With elections around the corner, farmers in the state came together along with other groups across the country to demand income and livelihood security to be made key promises by all parties.
The groups held a meeting at Gandhi Ashram in Ahmedabad during a seminar on the recent approval of Genetically Modified (GM) crop trials by Environment Minister and Kisan Swaraj Niti in the context of upcoming Lok Sabha elections.
Key demands included land, forests and seed to remain in the control of rural communities and not be allowed to be monopolised by corporates for their profiteering. Farm unions and civil society groups also demanded open-air releases of Genetically Modified Organisms (GMOs) in the garb of field trials be stopped.
“It is a shame for the entire nation that on an average, one farmer in this country is committing suicide every half an hour; every day, around 2,300 farmers are quitting agriculture. Despite so many years of so called agricultural development and Green Revolution, the average monthly income of an overwhelming majority of Indian farmers is far less than what their average monthly expenditure is, making it difficult for most farm households to make their ends meet. The largest displacement in human history is happening from Indian agriculture,” said Devinder Sharma, food policy analyst.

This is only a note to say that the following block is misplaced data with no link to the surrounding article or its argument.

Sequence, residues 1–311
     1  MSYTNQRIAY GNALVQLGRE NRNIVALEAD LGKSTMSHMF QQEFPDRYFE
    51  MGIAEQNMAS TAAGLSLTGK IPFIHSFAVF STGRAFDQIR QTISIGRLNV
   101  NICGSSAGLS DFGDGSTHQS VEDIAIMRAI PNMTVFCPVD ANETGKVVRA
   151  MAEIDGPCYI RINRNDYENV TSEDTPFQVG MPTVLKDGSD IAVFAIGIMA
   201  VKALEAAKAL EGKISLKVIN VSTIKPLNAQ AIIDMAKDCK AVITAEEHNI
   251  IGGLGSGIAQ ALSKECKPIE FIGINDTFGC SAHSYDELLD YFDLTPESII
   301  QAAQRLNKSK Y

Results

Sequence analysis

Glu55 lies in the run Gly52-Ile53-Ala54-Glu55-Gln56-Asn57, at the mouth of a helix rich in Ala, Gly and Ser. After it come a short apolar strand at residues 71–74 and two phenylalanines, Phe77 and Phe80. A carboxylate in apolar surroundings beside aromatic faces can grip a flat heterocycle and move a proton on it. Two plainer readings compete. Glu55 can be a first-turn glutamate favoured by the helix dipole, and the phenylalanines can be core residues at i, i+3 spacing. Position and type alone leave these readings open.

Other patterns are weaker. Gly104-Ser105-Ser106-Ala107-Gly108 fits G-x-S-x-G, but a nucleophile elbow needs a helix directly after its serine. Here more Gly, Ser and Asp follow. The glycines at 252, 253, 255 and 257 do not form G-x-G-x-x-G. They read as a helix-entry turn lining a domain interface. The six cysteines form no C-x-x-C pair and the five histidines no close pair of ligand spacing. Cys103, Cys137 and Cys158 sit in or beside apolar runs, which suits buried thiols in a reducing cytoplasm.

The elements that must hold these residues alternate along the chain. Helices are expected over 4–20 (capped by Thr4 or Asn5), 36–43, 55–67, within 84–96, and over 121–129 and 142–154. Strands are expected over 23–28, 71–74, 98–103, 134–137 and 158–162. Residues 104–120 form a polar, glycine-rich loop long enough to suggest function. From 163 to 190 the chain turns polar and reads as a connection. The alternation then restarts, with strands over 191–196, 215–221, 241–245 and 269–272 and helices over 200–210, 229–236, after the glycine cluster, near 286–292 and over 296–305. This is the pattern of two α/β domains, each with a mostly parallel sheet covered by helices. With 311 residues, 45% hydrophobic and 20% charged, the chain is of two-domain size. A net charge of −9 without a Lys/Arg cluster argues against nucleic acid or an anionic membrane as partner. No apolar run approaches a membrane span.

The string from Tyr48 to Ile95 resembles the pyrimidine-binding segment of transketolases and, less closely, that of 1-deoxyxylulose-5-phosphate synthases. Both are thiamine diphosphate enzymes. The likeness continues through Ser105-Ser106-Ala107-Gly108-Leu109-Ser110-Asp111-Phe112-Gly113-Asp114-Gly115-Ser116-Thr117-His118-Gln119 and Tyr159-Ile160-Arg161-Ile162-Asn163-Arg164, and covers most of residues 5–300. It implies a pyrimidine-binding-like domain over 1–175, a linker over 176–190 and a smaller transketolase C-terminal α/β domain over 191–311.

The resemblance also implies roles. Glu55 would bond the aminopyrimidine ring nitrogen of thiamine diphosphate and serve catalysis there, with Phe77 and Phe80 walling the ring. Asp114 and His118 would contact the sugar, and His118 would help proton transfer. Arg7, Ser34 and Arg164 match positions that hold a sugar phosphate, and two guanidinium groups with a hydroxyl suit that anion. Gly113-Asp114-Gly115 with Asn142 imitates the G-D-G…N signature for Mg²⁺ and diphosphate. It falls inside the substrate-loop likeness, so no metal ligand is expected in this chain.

Kapil Shah of Jatan Trust said, “Official data shows that around 25 per cent of our land is degraded because of the chemical and water intensive technologies that we have adopted; it is being predicted that in another 20 years, 60 per cent of our groundwater resources will reach a critical state. In places like Punjab, most of the area is already under Dark and Grey zones. Our seed diversity has been badly eroded. A variety of measures have to be adopted to take this up, and we want political parties to promise that ecological farming will get a huge thrust.”
Talking about the need for ensuring that resources like land and seed are not grabbed and alienated from farmers, Maganbhai Patel of Bharatiya Kisan Sangh explained that without control over such resources in the hands of farmers, livelihood and food security cannot be ensured.
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